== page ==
Optimized structural parameters for anatase TiO 2 compared with experimental and previous theoretical results
For TiO2 doped with V, Cr, Mn, Fe, Co, Ni, Cu, Zn, Y, Zr, Nb, Mo, and Ag, considering the underestimation of the calculations, the band gaps of the transition metal-doped anatase TiO2 are corrected by scissors operator. Scissors operator is used for a purpose as correction to the band gap, which has a clear separation between the CB and VB. For these calculations, the scissors operator is set at 1.02 eV, accounting for the difference between the experimental band gap (3.23 eV) and the calculated band gap (2.21 eV) for pure anatase TiO2. Then, the band gaps of TiO2 doped with V, Cr, Mn, Fe, Co, Ni, Cu, Zn, Y, Zr, Nb, Mo, and Ag, are determined as 2.84, 3.26, 3.35, 2.86, 2.80, 3.25, 3.20, 2.69, 3.15, 3.25, 3.33, 2.96, and 3.20 eV, respectively. It should be noted that the band gap of transition metal-doped TiO2 is not related to the band gap between the Ti t2g (d xy , d xz , d yz ) and eg (, ) bands, but to the energy separation between the O 2p and the Ti t2g bands of TiO2 that is modified by doping atoms.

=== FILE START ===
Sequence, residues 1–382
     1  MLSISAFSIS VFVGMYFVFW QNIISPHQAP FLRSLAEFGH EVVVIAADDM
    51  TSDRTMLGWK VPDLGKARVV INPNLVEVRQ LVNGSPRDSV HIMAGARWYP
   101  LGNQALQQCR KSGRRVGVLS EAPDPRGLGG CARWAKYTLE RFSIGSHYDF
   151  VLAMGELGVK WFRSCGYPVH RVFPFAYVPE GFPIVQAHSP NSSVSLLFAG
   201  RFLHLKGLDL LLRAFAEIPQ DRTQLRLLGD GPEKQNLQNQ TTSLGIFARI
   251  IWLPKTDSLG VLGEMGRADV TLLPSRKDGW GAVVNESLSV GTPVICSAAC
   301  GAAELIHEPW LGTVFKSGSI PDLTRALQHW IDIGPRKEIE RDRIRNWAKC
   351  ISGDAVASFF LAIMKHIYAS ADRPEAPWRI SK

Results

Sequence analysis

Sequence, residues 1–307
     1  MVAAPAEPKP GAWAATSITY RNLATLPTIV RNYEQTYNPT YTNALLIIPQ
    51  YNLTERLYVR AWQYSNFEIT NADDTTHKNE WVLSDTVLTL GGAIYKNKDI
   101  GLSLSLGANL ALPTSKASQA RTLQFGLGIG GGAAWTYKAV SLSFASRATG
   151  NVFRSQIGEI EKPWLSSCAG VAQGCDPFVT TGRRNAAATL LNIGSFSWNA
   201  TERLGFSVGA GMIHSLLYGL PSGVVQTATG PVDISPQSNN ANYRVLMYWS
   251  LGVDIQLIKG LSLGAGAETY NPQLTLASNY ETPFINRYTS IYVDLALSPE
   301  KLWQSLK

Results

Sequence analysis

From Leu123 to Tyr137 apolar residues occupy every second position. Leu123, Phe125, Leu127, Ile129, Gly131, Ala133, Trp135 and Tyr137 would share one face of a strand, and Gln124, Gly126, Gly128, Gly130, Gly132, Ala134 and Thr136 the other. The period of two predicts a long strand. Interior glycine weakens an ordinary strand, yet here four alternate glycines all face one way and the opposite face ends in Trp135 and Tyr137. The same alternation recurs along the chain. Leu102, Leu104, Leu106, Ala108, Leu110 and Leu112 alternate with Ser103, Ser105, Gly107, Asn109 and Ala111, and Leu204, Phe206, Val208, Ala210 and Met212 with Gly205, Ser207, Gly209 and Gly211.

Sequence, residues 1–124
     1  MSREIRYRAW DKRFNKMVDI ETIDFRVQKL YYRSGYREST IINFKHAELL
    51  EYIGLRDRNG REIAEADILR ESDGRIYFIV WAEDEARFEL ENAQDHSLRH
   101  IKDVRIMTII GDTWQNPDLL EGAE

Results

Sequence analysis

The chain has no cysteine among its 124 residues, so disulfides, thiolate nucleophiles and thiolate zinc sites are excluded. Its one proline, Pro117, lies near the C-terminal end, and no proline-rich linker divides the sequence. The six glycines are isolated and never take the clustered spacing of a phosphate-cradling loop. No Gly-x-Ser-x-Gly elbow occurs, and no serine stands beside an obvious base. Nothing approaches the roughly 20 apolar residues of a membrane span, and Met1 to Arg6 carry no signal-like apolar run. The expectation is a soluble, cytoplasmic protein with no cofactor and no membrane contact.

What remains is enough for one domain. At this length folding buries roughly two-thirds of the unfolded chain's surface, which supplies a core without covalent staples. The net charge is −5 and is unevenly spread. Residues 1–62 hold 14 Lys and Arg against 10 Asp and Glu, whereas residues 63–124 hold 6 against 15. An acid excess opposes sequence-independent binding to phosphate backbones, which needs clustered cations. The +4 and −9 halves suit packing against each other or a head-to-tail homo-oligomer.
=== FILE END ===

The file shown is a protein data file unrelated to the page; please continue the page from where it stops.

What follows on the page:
In comparison with pure TiO2, the calculation results of the electronic structures of Ti7MO16 can be classified into six groups according to the position of the IELs in Figures 3 and 4: (1) Ti7VO16 and Ti7MoO16; (2) Ti7CrO16; (3) Ti7MnO16, Ti7FeO16, Ti7CoO16, Ti7NiO16, and Ti7AgO16; (4) Ti7CuO16; (5) Ti7ZnO16 and Ti7YO16; and (6) Ti7ZrO16 and Ti7NbO16.
Ti7VO16 and Ti7MoO16. The IELs are located at the bottom of the CB and mixed with the Ti 3d states to form a new CBM, which leads to an obvious band gap narrowing. The position of the IELs might result in a red shift, which gives an explanation of the experimental optical absorption spectra of V-doped TiO2. The positions of the IELs in the Mo-doped system in Figure 4 are similar to those in V-doped TiO2, which may also result in red shift of absorption spectra in experiments.